Concern? Confusion? Contempt?



Jaden could see that Ava’s foot was wrapped with gauze—more bad news. How was she going to ask for forgiveness? She had ruined everyone’s lives.

“Jaden, are you all right?” Jaden’s mother asked.

Briz opened the door wide enough for Jaden to enter the house. It was clear he thought her moment of reckoning had arrived and it was time for her to face her jury.

Yep, guard, not guardian angel, Jaden thought. Briz’s eyes were no longer smiling at her as he motioned with his head, signaling Jaden to go inside.

Jaden wished she’d just pass out and fall onto the floor. She wondered if she could fake it. Delay the inevitable for a bit longer. Probably no one would think it was odd—just another reaction to Datura’s poisons in her blood.

She looked at her mother and Ava sitting on their cots. They didn’t appear to be as bruised and battered as the day they were attacked by Ivan and Tig.

“Sweetie, please.” Her mother’s weak and concerned voice beckoned her in.


JADEN sucked in a breath of air like a boat sputtering out of gas as she tried to suppress her tears. “I’m, I’m sorry,” she mumbled. “Please forgive me for everything. I’m so, so sorry.”

Shoving her empty glass into Briz’s hand, Jaden dashed off the porch and into the yard. She expected someone to follow her, to escort her back into the house so they could have a nice long chat about genetic monsters over morning coffee. But no one came.

The ground was moist and soft under her feet. Keeping an eye out for snakes, Jaden went around the corner to the triplets’ first home on the property—though now the place was nothing more than a shack. Leaning to one side, the weathered gray structure looked ready to collapse. Pieces of screen were nailed haphazardly over the termite-eaten walls; crooked door hinges were attached with wire.

Jaden looked through a grimy window. The rotting floorboards had been torn out and replaced with bricks. Two cauldrons sat on a stone and dirt fire pit. Above them, the ceiling had a vent for smoke to escape.

So this was where the triplets created their brews. The sisters weren’t into Voodoo as far as Jaden knew, but maybe her grandfather Dekle had been right when he’d written in his journals that the triplets seemed to be a little Wiccan. Jaden could imagine them at night, dancing outdoors, whistling to stir the wind, drawing down the moonlight, and conjuring up spells.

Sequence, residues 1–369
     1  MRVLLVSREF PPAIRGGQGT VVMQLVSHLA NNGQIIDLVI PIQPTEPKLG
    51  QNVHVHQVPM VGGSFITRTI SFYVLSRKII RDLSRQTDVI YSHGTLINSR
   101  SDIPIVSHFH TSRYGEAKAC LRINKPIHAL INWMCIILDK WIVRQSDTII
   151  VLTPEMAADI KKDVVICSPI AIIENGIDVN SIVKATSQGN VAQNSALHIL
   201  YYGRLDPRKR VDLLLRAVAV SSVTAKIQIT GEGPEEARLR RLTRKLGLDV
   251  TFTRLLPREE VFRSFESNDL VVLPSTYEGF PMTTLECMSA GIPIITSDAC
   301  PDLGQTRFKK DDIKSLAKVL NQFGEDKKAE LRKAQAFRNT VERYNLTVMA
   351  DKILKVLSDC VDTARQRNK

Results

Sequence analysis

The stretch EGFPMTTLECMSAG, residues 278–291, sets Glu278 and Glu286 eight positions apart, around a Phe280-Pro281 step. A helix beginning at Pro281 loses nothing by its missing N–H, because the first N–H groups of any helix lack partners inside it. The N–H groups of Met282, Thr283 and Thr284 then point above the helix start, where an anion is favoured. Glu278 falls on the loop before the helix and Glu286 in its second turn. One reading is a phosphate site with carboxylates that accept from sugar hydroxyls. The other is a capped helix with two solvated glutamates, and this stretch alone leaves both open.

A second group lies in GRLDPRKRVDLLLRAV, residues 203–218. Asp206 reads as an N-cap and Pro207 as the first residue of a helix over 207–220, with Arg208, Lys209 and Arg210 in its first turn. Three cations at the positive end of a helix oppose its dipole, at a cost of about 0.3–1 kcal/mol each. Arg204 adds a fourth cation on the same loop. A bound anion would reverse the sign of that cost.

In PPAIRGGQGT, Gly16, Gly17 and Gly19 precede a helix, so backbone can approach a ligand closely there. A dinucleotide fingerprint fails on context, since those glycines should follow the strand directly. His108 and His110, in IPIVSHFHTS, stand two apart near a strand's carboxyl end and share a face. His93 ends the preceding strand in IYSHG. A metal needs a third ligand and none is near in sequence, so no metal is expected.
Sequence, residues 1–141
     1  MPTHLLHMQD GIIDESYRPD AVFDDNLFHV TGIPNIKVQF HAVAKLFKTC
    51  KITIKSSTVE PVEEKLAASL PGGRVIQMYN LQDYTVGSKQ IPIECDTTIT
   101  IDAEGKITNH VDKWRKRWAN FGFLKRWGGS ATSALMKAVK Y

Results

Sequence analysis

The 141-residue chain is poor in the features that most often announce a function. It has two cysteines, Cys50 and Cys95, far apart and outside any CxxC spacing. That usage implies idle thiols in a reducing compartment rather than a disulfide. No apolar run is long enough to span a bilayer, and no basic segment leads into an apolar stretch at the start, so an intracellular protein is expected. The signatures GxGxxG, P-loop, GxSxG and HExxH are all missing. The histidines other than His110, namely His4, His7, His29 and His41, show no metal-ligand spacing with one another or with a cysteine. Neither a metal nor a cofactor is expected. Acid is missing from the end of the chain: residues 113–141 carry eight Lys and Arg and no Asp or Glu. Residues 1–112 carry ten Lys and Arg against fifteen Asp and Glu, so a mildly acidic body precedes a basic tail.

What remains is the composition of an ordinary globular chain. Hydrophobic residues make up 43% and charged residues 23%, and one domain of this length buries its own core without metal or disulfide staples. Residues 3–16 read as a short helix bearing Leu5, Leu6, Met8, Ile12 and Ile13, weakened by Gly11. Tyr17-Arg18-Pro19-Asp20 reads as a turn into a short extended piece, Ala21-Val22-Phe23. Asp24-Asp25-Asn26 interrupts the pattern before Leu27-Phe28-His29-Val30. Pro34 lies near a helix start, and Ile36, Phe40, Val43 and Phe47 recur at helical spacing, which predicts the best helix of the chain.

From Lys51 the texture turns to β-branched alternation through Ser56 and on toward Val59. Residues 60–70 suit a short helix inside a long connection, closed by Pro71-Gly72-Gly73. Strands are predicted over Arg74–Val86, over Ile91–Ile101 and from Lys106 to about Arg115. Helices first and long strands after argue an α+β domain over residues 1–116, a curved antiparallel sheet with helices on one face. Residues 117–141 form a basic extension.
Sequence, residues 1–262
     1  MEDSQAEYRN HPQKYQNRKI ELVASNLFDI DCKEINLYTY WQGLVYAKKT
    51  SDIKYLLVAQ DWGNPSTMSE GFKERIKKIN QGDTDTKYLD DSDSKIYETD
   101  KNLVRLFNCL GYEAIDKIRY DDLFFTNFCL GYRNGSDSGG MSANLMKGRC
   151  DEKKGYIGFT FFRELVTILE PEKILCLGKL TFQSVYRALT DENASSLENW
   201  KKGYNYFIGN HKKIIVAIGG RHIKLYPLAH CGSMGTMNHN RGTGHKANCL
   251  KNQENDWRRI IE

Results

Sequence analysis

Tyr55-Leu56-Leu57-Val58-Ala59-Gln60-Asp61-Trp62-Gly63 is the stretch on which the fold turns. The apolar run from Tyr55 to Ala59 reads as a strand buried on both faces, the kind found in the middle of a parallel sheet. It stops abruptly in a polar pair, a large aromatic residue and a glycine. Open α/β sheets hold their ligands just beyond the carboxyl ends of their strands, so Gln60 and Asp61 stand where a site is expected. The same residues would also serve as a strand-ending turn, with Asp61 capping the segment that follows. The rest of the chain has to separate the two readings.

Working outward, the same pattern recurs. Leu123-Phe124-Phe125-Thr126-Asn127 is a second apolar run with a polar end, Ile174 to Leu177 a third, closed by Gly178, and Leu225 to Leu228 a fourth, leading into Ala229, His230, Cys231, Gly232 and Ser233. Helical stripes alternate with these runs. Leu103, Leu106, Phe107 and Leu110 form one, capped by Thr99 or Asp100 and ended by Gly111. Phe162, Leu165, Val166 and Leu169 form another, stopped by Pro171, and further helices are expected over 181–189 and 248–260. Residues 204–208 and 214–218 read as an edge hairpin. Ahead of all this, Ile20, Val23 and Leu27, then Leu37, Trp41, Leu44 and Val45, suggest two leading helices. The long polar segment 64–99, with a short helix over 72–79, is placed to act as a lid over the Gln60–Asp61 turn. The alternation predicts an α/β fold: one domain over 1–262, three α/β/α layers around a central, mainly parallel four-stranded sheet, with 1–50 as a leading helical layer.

A whisper of stuttering words drew her away from the window. Jaden peaked around the corner of the shack. She could see Hubs on the porch talking with Olympe, a blue housedress having replaced her blue bathrobe. The two of them went back into the house, and the sound of chatter swelled, then subsided, and swelled again. Everyone’s words were muffled, though Jaden recognized the irritated cadence of her sister’s voice.

With her jaw set, Jaden shook out her arms like a prizefighter preparing for a match. She took a step toward the porch, but immediately changed her direction and went around to the back of the house instead.

Jaden looked out across the yard. It had no ending or beginning. She understood why the triplets had purchased this land; it was one of the highest patches of ground for miles and wouldn’t flood every spring.

Jaden jumped as Briz’s hands embraced the sides of her waist.

She hadn’t smelled his pheromones or sensed him walking up behind her. She smiled.

Maybe she was less Mal Rous than she’d thought.

She could feel Briz’s breath on her hair as he murmured, “Come on babe, everyone’s waiting.”

The clouds released a drizzle of rain on them as Briz placed a hand on her shoulder, encouraging her to return with him. Jaden wanted to go anywhere but back to the house. She pulled free of his touch.

“Jade…you have to do this.” Jaden’s muscles tightened at the sound of Briz’s now firm voice. “Look, I’ve been here every step of the way for you. And I’m not bailing on you now, but your family wants to talk with you. They’ve had a tough time, Jade. We all have.”

He was right. With all they’d been through, he’d always been there for her…always. Her shoulders dropped as she exhaled.

Briz continued with his unsympathetic tone, “The other day, when your family came to, we told them everything. Well, almost everything.”

Jaden wondered what Briz and the triplets hadn’t explained to her mom and sister. Did they tell them how, if she didn’t drink her Envie Tea, that she’d be aggressive, violent, lustful?

She remembered the way Hubs had looked at her. Briz was leaving something out.

“And me?” she asked, turning to face him. “What aren’t you telling me?”